Alice's version of the infamous "chicken" incident at the Toronto Rock n Roll festival in 1969 was that someone from the audience threw a chicken on-stage and Alice, thinking it could fly, threw it back over the audience expecting it to fly away. Instead, it fell into the crowd and the audience tore it apart. However, the next day, the headlines read: "Alice bites head off chicken and drinks blood". Frank Zappa told Alice not to deny this story because he said you can't buy this type of publicity!
Michael Bruce says in his book that the band thought bringing a chicken would be a fun inside joke coming after their 'blowing feathers on the audience' antics. So which is it? Did a fan throw the chicken on-stage spontaneously? Or did the band arrange for a chicken to be a part of the act?
It is now pretty well known amongst fans (although it's rare journalists bother to check) that the chicken incident was staged, and that the band (Shep Gordon) brought the chicken to Toronto, and other shows at that time (there are rare photos showing a chicken on stage at other shows). However Alice is still asked about it in almost every interview and it's STILL to good a story not to tell.
Kurt observed that the possible killing of rabbits routine (in 1969) and the further possibility of repeated chicken routines leads to the theory that Alice repeated these incidents in order to gain notoriety.
This is entirely consistent with Alice's well-known skill at getting bad press, especially back in the earliest days of his career. Alice seems to seek the benefits of the publicity without wanting to be associated with the actual deed itself. The CIA refers to such a cover as "plausible deniability," which is exactly what the Coop may have successfully maneuvered. And, by the way, I don't respect him any less if it's true. One other bit of evidence in this "killing animals conspiracy" is that Alice did not deny the possibility when he was interviewed by Tom Snyder in 1981. He, in fact, gave a very revealing answer when asked if he ever killed any chickens. He said he never did, but "Alice might have."
(Sickthing Tom, May 1996)
When asked about the Chickens in February 1997, Michael Bruce had the following to say:
Michael: "The chicken incident? Do you mean throwing chicken into the audience? Which came first, the chickens or the feathers? When we first started out, we broke open feather pillows stolen from the Holiday Inns, and used them on Black Juju, spraying them on the audience and all over the stage. As the source of pillows at the Holidays Inns turned to foam rubber, and the club owners were reluctant to have us back before they were picking feathers out of the stage, we thought it would be clever to throw the chicken with the feathers attached. We didn't do it every time, but we threw some doves, chickens, whatever, watermelon, so I guess you could say we repeated it, it's all a blur.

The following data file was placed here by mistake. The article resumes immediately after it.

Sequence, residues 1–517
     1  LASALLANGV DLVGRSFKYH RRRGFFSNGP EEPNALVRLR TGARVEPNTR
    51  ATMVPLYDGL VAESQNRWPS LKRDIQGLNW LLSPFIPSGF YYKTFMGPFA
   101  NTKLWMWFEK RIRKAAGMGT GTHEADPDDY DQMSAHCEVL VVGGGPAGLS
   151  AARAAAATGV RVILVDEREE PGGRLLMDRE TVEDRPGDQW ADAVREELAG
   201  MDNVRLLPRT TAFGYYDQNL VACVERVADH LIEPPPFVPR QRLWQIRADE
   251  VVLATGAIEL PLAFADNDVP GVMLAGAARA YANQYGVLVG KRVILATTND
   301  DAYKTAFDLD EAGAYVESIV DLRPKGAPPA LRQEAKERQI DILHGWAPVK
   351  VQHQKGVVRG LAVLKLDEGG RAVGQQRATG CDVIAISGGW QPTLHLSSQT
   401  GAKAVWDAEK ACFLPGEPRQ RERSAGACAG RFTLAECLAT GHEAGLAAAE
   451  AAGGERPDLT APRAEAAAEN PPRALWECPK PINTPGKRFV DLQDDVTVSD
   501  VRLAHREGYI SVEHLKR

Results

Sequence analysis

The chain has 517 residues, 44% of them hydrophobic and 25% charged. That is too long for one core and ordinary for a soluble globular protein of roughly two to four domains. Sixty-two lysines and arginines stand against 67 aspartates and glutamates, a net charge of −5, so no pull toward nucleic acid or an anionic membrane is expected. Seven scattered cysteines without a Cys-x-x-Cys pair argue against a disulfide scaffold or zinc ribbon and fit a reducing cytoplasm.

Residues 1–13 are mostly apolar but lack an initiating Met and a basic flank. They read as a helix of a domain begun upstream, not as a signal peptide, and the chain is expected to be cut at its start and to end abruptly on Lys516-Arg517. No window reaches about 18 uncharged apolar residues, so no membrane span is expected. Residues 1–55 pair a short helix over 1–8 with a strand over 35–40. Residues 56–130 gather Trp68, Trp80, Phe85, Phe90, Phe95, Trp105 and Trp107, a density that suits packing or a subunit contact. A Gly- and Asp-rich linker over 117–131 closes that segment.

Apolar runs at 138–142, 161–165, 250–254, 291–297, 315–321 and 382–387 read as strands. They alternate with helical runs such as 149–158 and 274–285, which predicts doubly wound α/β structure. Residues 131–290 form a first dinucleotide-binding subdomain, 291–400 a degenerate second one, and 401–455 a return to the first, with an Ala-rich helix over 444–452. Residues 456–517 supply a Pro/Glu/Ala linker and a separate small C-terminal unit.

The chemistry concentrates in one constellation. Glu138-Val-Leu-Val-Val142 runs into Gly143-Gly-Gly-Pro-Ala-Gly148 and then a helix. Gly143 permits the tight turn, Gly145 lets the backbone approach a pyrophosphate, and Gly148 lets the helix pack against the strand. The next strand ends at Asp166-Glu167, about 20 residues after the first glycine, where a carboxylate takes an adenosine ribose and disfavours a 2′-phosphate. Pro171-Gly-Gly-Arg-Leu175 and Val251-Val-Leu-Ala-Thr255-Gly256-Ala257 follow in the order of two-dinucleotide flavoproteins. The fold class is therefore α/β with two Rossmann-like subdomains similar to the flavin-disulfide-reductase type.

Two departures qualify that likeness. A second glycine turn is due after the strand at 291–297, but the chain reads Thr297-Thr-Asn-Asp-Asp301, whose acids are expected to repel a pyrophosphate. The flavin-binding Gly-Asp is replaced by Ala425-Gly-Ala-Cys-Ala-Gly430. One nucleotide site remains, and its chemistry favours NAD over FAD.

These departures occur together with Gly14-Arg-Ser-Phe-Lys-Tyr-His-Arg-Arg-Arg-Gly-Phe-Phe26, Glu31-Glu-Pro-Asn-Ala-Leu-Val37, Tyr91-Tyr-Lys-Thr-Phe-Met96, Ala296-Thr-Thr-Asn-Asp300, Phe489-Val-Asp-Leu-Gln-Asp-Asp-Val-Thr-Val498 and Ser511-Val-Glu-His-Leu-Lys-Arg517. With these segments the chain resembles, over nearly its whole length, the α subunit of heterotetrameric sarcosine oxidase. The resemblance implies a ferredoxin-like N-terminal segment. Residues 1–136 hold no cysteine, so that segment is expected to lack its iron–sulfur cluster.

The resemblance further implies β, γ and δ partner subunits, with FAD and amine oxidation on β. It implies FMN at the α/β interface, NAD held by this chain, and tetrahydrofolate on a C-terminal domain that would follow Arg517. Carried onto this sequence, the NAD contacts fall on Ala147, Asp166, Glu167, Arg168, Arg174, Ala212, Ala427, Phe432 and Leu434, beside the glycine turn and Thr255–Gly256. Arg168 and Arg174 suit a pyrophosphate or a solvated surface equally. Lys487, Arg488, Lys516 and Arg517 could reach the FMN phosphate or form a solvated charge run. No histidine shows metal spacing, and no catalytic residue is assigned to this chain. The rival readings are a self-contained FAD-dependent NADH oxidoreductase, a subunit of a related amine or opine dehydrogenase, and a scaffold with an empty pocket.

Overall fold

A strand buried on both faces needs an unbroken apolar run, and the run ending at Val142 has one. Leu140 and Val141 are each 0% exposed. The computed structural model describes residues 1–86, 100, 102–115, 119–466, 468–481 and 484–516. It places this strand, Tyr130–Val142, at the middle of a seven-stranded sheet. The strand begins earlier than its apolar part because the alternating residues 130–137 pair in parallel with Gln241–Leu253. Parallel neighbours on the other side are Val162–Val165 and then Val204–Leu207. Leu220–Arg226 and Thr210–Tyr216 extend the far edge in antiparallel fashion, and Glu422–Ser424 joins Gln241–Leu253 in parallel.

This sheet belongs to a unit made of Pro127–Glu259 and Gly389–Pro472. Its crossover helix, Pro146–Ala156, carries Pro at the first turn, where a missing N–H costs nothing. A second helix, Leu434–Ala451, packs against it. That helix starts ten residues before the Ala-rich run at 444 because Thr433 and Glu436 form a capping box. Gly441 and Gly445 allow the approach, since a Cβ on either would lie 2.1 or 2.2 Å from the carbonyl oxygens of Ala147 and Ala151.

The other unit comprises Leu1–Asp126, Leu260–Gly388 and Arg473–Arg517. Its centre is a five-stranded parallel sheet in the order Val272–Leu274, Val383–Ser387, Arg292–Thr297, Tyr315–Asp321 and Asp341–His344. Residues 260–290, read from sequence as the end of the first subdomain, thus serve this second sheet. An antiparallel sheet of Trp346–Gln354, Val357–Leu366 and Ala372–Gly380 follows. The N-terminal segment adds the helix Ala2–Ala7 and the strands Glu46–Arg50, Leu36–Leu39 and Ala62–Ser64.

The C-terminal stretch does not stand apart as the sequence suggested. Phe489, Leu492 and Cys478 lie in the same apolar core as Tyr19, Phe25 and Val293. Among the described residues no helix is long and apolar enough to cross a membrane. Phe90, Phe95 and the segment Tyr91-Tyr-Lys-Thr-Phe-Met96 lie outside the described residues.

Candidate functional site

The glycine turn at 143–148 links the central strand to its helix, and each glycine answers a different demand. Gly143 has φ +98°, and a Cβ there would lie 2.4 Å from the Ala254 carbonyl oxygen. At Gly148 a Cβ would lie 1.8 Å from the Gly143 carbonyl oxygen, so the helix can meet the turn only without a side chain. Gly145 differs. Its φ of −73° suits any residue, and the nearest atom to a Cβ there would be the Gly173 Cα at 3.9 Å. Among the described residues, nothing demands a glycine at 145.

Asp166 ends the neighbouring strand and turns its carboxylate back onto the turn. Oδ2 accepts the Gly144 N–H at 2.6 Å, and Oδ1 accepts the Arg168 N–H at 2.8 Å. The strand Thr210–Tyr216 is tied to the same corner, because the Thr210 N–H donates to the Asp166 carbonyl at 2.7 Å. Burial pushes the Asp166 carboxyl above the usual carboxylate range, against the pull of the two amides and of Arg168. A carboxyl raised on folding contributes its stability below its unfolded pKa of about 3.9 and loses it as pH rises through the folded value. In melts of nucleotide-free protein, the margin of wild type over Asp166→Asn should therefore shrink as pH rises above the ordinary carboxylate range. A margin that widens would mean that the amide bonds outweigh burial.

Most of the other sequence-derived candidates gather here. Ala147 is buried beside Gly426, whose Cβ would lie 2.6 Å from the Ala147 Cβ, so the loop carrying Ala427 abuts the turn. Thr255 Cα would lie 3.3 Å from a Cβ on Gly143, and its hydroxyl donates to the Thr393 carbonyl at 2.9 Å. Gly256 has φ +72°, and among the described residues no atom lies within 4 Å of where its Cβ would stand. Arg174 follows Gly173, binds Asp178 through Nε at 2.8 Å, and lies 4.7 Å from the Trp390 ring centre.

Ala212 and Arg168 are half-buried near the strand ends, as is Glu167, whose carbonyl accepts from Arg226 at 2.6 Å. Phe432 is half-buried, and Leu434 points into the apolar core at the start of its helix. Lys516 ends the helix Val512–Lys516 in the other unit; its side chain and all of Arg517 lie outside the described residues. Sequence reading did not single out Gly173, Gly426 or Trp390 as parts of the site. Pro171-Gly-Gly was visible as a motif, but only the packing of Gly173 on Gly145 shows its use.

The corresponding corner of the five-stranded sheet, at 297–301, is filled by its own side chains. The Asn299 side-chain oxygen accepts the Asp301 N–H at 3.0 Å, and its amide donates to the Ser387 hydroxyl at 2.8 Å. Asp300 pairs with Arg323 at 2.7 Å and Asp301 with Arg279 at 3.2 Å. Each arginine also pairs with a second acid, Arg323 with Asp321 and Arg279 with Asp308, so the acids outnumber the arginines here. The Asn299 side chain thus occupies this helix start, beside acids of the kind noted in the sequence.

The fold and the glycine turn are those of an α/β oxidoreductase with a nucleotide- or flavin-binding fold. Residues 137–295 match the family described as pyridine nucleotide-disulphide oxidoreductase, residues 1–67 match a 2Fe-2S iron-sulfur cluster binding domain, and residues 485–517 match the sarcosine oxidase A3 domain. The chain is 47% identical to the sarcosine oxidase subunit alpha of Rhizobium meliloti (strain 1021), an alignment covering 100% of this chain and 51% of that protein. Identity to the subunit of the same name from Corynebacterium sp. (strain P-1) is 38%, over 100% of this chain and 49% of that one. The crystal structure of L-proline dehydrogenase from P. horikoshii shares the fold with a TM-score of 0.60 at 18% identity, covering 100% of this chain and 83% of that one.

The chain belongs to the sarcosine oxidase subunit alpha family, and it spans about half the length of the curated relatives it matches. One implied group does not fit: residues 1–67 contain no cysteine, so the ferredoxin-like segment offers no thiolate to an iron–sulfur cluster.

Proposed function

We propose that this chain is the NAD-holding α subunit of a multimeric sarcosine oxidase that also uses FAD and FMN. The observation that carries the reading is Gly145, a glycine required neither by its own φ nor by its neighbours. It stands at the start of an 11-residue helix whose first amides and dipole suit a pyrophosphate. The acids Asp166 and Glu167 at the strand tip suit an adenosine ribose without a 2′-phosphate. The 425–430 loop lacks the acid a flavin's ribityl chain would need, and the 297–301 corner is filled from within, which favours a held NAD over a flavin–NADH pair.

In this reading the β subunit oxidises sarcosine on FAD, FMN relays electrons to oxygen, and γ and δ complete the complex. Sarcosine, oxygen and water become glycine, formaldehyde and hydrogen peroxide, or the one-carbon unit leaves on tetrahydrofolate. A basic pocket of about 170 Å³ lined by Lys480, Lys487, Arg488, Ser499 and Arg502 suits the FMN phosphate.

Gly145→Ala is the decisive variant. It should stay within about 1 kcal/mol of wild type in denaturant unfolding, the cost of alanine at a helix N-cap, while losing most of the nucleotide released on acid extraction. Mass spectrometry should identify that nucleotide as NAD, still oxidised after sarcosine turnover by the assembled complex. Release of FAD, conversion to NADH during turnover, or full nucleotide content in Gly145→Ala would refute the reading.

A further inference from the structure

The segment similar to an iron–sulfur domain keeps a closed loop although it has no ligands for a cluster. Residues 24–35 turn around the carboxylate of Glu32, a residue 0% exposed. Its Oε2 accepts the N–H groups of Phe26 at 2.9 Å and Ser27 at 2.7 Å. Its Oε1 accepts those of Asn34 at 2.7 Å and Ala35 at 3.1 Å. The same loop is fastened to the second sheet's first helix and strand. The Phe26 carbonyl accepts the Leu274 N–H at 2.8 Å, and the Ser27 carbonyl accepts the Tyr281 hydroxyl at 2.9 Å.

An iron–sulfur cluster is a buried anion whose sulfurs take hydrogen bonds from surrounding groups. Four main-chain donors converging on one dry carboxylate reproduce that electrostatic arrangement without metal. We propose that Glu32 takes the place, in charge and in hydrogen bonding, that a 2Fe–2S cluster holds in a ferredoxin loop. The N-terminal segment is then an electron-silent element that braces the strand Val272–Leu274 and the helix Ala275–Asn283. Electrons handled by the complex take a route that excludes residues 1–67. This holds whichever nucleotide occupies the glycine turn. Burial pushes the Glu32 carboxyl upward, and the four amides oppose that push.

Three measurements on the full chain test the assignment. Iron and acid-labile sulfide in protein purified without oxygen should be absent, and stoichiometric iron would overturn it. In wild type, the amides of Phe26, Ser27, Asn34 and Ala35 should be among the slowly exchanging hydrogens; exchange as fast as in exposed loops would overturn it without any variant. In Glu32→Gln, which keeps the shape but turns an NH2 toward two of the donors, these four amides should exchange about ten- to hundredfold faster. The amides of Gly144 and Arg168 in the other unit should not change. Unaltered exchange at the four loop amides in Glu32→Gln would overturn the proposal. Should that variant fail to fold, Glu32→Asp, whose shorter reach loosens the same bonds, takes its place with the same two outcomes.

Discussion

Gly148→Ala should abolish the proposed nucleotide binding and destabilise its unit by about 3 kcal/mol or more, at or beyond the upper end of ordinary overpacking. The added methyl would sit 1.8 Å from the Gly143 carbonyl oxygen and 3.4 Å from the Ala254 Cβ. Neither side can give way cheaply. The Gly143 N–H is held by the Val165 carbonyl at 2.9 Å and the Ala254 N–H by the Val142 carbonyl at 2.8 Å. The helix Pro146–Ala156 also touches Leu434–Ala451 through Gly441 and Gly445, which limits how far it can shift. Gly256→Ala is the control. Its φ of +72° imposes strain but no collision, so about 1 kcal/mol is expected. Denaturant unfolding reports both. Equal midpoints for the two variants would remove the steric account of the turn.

Jeff Jatras: Did they always tear the chicken apart?
Michael: I don't know if they ever did, most likely. As Alice tells it, it was always the audience that portrayed the violence, and we were just the parody on stage, which I guess is what most likely happened. Mob violence. Scary. I'm sure it happened more than once. Also, we sprayed tires and painted them white and rolled them around on stage, 'cause it was the motor city.
This chicken thing started with 20th Century Zoo playing a gig up in Prescott, Arizona at a roller skating rink. The local radio station was hosting it and was handing out promo 45's at the door back in the late 60's. After the kids got inside the door they would read what song they got and it would be junk you never heard of so they started using them for Frisbees at the stage. We were backstage hearing the records hit the stage door and our equipment. Paul Bennett was worried about his drums getting hit so our roadie Big John, a 6'4" 264 pound Negro went out on stage to cover the drums with a bedsheet. He went up to the mike and said "If anyone throws one more record these guys are going to pack up and go back to Phoenix!" I'm thinking well let's start packing, these cowboys are for sure going to throw them now! To our surprise, they didn't! But after we started playing someone threw a rubber chicken up on stage with no head. Everyone cracked up! Our lead singer tossed it back into the audience where it got tossed all around the room. I told Alice about this incident and it was so funny at the time. It was like a happening! Mentioned to Alice that just the word chicken made people laugh. It was entertainment that people could write home about. About a month later I heard about the chicken on stage in Canada and wondered if Alice had tried what I told him. Or if someone else in the crowd had it. We didn't have the rubber chicken.
(Skip Ladd, Band Friend/20th Century Zoo, August 1998)
Dennis Dunaway in 'Brave Words & Bloody Knuckles' August 2005
"We got this guy in Detroit we called Larry The Chicken Man, to go out and get chickens, and then they would all of a sudden appear on top of Glen's amp, and then the thing was, we decided, as a band, that we wouldn't acknowledge that they were there at all. It was like, 'What chickens? We don't know about any chickens in here. 'And then the thing that was funny, that I loved, was that these chickens would sit on top of the amps, and then Glen would do these kinds of chicken-sounding noises, and then the chickens would actually tilt their heads like they were trying to understand what he was saying. These weren't in cages; they were just walking around on stage. And that's when we got the ideas to blow the feathers, to make it look like the chickens were... that something exciting was happening to the chickens."